Quite a few people have noticed this so there’s been a little rush to defend Lewis’ honour. In a panel discussion at The Gospel Coalition Tim Keller is asked,
“There is one thread that says Bell is saying the same thing as C. S. Lewis. How do you respond?”
To which Keller answers,
Lewis was rebelling against the spirit of the age, which said that Hell is bad. His whole project was to tweak his contemporary scene and show that hell and judgement make sense. It appears that Bell does just the opposite and actually sympathizes with the spirit of the age.
But were they saying the same thing Tim?
And Doug Wilson is asked the same question in this short video:
There’s a few interesting things here. The assumption that Bell is a universalist and doesn’t believe in hell and so the question becomes, ‘Was CS Lewis a universalist, did he believe in hell?’ To which the answers are rightly, ‘no’ and ‘yes.’
But I think Bell is conceiving of hell in exactly the same way (or as close as makes no difference) that Lewis does and I don’t think Bell is a universalist. There are some differences though but we’ll come to that. First, The Great Divorce.
It’s typical Lewis, it’s wonderfully written, the arguments sharp, the pictures compelling. It’s written as a fantasy, an act of imagination about what happens in the life after death. So what does Lewis imagine?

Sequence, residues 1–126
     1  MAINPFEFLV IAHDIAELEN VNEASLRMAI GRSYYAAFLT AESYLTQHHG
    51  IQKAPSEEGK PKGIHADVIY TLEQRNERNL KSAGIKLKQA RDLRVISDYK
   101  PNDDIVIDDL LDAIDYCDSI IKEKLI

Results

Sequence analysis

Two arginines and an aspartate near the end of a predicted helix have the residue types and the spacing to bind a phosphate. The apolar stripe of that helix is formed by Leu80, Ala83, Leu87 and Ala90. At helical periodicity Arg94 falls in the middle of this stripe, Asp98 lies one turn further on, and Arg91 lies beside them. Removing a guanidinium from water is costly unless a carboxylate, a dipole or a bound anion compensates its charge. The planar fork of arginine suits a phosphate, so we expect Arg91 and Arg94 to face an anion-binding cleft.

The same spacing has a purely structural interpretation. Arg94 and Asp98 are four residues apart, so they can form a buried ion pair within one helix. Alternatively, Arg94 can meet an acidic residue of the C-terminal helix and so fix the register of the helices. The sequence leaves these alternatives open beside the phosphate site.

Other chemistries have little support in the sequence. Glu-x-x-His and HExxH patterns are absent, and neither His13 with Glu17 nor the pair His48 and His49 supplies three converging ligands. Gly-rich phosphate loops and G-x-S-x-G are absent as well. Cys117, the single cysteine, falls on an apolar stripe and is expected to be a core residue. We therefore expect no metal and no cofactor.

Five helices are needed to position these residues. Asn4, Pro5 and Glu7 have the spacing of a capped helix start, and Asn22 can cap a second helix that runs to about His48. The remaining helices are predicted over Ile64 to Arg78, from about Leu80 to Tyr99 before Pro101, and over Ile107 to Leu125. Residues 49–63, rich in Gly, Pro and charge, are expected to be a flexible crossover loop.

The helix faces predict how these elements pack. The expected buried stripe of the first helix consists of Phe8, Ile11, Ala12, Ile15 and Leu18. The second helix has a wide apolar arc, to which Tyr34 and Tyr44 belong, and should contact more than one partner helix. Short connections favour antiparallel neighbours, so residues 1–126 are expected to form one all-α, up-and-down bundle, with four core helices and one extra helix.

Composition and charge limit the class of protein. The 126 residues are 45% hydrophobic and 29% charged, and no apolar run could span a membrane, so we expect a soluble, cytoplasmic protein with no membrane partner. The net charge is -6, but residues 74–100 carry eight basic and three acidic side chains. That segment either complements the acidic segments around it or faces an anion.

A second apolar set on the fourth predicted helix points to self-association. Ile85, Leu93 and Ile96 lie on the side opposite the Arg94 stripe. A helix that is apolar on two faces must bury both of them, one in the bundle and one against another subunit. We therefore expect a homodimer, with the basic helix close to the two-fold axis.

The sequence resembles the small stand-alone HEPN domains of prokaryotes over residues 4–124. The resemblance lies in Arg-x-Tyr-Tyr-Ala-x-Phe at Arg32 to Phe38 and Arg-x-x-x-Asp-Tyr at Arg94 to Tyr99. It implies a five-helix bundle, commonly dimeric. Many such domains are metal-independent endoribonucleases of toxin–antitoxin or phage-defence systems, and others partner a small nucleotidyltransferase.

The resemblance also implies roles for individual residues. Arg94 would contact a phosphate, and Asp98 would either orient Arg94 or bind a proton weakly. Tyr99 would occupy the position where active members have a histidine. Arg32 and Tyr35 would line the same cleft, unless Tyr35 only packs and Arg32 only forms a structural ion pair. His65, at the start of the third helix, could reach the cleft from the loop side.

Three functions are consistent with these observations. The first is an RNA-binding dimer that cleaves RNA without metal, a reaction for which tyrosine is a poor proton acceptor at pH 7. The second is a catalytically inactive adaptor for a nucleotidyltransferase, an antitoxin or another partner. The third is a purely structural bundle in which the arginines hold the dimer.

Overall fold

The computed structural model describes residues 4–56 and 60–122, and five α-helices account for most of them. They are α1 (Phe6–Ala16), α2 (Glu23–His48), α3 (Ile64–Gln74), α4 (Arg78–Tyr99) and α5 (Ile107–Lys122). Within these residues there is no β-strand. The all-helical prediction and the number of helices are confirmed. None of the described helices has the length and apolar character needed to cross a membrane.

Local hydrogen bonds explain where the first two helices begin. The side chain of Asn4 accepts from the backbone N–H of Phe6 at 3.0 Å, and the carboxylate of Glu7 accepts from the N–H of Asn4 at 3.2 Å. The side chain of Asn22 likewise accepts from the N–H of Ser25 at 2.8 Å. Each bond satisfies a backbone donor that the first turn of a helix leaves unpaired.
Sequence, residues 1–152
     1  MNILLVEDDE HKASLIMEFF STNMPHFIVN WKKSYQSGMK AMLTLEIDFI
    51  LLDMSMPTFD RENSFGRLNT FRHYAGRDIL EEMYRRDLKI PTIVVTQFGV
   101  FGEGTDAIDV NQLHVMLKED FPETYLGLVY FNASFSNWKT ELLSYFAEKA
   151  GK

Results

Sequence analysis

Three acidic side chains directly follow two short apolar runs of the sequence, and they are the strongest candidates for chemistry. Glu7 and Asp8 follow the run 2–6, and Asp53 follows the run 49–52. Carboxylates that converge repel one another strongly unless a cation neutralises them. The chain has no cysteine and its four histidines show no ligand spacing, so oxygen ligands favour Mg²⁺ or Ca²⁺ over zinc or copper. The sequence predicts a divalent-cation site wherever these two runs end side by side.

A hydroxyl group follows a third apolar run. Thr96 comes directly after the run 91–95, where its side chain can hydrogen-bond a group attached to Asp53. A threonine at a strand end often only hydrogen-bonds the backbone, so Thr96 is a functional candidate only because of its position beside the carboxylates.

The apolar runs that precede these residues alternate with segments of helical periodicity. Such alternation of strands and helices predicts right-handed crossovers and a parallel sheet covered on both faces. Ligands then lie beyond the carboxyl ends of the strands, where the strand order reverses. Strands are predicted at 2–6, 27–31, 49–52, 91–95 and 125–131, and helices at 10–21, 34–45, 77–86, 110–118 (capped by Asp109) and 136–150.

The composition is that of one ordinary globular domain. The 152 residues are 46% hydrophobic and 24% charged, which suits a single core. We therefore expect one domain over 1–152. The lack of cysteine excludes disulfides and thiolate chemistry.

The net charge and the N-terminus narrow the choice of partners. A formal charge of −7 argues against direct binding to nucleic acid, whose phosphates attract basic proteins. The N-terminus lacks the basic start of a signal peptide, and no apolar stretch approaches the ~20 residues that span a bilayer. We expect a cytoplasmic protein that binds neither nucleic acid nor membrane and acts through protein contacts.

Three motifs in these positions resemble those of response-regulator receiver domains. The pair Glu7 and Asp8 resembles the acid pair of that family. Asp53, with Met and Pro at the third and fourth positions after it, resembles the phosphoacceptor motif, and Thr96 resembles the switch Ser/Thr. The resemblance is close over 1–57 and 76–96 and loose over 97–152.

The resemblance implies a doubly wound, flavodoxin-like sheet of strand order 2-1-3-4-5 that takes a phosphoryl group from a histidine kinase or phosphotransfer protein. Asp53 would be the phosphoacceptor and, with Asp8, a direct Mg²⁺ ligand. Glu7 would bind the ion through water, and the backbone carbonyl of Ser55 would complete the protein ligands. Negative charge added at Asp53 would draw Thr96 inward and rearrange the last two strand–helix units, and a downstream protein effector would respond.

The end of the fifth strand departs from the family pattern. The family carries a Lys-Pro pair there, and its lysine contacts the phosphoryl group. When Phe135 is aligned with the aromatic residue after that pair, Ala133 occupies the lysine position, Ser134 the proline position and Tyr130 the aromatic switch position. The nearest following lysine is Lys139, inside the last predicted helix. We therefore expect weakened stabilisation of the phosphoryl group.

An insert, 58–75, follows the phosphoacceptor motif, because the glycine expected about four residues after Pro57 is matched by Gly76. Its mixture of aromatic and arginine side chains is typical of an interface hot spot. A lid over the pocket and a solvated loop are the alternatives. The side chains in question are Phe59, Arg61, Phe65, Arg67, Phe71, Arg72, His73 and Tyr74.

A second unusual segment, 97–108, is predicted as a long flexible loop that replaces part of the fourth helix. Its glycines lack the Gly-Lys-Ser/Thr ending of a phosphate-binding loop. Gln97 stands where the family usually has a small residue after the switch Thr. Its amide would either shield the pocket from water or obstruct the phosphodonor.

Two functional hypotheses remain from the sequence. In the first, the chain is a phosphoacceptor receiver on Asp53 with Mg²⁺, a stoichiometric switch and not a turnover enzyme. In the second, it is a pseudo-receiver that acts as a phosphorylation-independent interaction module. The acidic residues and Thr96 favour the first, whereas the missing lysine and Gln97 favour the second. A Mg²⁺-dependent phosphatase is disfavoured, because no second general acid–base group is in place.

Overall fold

Hell is a grey town, where no one needs anything but no one can get along. Every street is empty and hell is an endlessly expanding space.
As soon as anyone arrives he settles in some street. Before he’s been there 24 hours he quarrels with his neighbour. Before the week is over he’s quarrelled so badly that he decides to move…He’s sure to have another quarrel soon and then he’ll move on again. Finally he’ll move right out to the edge of the town and build a new house.
Yet behind every move, streets empty and people move ever greater distances from each other. We carry our character with us, we become almost set in our ways.
And it is almost set but not quite. There is a bus stop and a bus ride that will take you to the far edge of a bright country. In this place the souls in hell appear as ghosts but the residents of this country are solid, earthy, real. They are bright, forgiven, shining and full of joy. These residents of heaven journey to the edge to see if they can’t persuade the residents of hell to join them, to trust God, to let go of their sin, to finally die to themselves and walk towards God.
The promise is, that if they do, they will slowly regain their solidity, regain their form, gain a new body, they can still be made new.
In The Great Divorce Lewis’ main character watches a whole variety of these conversations taking place. Those in Hell steadfastly refuse to budge, they can but they won’t. Even with the hope of heaven before them they simply won’t repent. Endless ages stretch out and there’s the possibility of rescue but of the multiple encounters only one soul asks for help, who gives in and so only soul is saved.
Lewis paints Hell not as a place of torment by God but as a place where we are free to refuse God and there is no restraint. Because everyone is ultimately selfish it is a miserable place. They exist, they are not alive.
The big difference it seems between Rob Bell and CS Lewis is that Bell is essentially optimistic about people’s chances. God’s love is almost (but not quite) irresistible. Lewis, on the other hand, is quite the pessimist. Some might accept a second chance but most won’t. Their sin is almost (but not quite) irresistible.